We are commanded to work out our salvation in fear and trembling, with sober-mindedness (1 Peter 1:13-16; 4:7; 5:8). The apostle links what he is about to say with the emphasis upon the Lordship of Jesus Christ. Remember from last Sunday, no one makes Jesus Lord. He is Lord. The response of biblical faith is to recognize that and submit to His rightful rule over our lives.

The Christian life is not a playground; it is a battlefield. It is a race to run. It is a fight to fight. It is a war, and we are called to be good soldiers. There are other Scriptures which emphasize our personal responsibility in the pursuit of holiness (Matthew 5:27-30; Ephesians 4:17; 22-24; Hebrews 12:1; James 1:21-22).

We are also fully dependent upon God for our spiritual growth.

Verse 13 affirms that “it is God who works in you.” His work is in two areas: to will and to work for His good pleasure. God gives us the desire to become holy (“to will”) and He also provides the power “to work,” to do the things that please God. Other Scriptures that emphasize God’s work of sanctification (John 15:5; Galatians 5:22-25; Ephesians 2:1-10; 2 Peter 1:3, 5).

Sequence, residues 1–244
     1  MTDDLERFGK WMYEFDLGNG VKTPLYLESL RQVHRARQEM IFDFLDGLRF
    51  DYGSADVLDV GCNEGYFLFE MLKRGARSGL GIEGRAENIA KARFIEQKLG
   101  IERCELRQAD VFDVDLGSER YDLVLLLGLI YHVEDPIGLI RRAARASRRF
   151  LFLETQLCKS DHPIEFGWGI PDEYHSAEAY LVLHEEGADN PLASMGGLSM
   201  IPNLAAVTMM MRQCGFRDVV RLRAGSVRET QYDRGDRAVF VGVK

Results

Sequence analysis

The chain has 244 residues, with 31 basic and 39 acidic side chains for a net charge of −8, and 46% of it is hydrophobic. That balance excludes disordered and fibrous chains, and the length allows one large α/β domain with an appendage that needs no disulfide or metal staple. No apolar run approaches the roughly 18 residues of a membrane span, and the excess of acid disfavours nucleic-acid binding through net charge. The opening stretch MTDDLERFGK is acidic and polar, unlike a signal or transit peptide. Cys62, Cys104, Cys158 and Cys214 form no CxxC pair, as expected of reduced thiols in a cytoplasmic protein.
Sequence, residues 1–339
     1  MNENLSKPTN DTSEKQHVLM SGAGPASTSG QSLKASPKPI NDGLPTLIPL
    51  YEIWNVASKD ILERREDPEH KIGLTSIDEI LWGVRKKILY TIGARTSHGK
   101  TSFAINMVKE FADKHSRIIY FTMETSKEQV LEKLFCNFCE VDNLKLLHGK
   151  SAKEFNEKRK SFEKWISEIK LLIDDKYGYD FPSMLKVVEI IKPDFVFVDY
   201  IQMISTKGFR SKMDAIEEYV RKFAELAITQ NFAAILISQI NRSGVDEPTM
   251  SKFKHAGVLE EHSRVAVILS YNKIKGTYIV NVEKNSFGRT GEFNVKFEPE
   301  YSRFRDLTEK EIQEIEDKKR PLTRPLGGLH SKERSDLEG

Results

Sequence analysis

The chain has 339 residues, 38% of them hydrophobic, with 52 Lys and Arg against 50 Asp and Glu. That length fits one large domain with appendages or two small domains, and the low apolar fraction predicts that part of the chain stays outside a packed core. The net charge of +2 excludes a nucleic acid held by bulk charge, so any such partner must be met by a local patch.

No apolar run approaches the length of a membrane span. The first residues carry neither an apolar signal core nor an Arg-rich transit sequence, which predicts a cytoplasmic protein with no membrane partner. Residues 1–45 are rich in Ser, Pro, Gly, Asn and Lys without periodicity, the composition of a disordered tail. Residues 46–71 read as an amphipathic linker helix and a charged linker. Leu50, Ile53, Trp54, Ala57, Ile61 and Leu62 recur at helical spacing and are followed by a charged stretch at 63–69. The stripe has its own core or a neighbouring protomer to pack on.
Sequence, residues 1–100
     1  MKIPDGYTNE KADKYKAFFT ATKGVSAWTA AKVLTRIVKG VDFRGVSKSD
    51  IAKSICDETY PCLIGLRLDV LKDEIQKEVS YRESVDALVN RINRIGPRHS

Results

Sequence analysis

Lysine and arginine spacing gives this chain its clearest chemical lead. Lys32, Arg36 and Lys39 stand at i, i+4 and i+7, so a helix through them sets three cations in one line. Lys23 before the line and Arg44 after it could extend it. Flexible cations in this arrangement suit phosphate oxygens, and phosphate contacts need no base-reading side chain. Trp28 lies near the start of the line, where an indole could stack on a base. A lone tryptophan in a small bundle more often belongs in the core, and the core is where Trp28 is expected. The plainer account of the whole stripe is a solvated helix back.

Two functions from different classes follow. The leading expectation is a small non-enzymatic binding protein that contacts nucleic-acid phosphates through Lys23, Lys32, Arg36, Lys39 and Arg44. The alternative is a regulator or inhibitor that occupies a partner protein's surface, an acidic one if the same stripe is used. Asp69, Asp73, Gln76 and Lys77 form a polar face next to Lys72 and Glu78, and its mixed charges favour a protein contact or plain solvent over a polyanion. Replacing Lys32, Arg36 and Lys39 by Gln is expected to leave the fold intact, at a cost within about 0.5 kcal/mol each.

The apostle Paul testifies that it was this balance of two truths that governed his own progress in Christ. First Corinthians 15:10 says, “But by the grace of God I am what I am, and his grace toward me was not in vain. On the contrary, I worked harder than any of them, though it was not I, but the grace of God that is with me.” And so it must be the same with us.

[Adapted from yesterday's sermon "Work Our Your Salvation."]


[1] Andrew Naselli, Why “Let Go and Let God” Is a Bad Idea.

[2] John MacArthur, Philippians, The MacArthur New Testament Commentary (Chicago: Moody Press, 2001), p. 152.

[3] MacArthur, pp. 152-153.